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Preschool children with community-acquired pneumonia often receive unnecessary tests and treatment at outpatient clinics and emergency departments, according to a nationally representative study led by Todd Florin, MD, MSCE, from Ann & Robert H. Lurie Children’s Hospital of Chicago. While most cases of community-acquired pneumonia in young children are caused by viruses, for which antibiotics provide no benefit, antibiotics were prescribed in nearly 74 percent of outpatient visits. Chest X-rays were obtained in 43 percent of visits, despite guidelines against routine use for young children with pneumonia in an outpatient setting. Findings were published in the Journal of the Pediatric Infectious Diseases Society.
“It is concerning that so many young children with community-acquired pneumonia are receiving antibiotics that are not needed,” says Florin, who heads the Grainger Initiative in Pediatric Emergency Medicine Research at Lurie Children’s and is Associate Professor of Pediatrics at Northwestern University Feinberg School of Medicine. “In addition to going against evidence and clinical guidelines, overuse of antibiotics contributes to antibiotic resistance, which threatens future availability of effective treatments for bacterial infections, while also leading to antibiotic-associated side effects that can range from mild to life-threatening.”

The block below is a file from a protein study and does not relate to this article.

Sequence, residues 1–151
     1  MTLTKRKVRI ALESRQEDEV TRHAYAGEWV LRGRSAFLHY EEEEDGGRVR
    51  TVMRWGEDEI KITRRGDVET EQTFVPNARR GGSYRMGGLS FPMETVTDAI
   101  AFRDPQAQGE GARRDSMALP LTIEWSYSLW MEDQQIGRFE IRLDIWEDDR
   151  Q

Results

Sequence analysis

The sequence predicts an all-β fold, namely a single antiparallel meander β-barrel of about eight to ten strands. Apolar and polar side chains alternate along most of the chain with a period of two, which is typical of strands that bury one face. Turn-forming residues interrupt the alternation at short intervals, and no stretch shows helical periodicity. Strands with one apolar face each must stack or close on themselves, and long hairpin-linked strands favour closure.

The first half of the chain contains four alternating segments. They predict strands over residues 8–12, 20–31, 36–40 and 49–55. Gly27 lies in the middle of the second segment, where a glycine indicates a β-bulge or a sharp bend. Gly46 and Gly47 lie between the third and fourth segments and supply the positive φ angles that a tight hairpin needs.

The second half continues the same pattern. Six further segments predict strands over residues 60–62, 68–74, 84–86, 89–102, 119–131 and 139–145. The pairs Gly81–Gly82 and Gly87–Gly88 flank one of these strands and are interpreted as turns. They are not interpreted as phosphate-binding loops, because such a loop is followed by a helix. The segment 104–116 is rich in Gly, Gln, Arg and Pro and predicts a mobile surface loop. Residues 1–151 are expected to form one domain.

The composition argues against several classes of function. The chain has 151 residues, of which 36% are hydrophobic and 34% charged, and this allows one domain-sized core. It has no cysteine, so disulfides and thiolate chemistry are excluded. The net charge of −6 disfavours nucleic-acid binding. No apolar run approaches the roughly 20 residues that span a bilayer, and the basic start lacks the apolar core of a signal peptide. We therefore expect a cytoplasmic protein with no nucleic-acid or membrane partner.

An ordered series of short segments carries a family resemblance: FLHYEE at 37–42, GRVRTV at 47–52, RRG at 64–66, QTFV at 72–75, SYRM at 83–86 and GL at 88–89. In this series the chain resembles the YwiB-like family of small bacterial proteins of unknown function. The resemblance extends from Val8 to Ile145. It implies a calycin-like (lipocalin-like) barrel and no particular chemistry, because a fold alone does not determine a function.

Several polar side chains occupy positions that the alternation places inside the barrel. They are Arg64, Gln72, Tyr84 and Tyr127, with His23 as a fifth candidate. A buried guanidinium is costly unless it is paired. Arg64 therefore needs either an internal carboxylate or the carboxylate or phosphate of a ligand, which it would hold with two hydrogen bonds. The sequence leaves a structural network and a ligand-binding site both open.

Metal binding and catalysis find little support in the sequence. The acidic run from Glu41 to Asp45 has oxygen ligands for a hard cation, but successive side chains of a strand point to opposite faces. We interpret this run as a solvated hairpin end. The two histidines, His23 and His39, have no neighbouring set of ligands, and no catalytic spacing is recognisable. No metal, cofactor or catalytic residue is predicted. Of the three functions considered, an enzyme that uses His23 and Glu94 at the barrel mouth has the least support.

Community-acquired pneumonia is one of the most common infections in children, accounting for about 1.5 million healthcare visits each year in the United States.
In 2011, clinical guidelines for pediatric community-acquired pneumonia were issued by the Pediatric Infectious Diseases Society and the Infectious Diseases Society of America. These groups recommend against routine chest X-ray, complete blood count and blood cultures, as well as against routine antibiotics for preschool children treated as outpatients.
To evaluate the effect of this guideline, Florin and colleagues examined national data representing an estimated 6.3 million visits to outpatient clinics and emergency departments during 2008-2015 by children 1 to 6 years of age with community-acquired pneumonia. They found that high use of non-recommended diagnostic tests and antibiotics persisted over the entire study period, and that the 2011 guidelines had no impact on practice.
“Focused quality-improvement efforts are needed to increase guideline adherence to ensure that these children are receiving appropriate, evidence-based care,” says Florin. “We especially need to focus on reducing antibiotic overuse, which is critically important.”
This study was supported, in part, by the National Institute for Allergy and Infectious Diseases, National Institutes of Health (grant K23 AI121325 to Florin).
Source: Ann & Robert H. Lurie Children’s Hospital of Chicago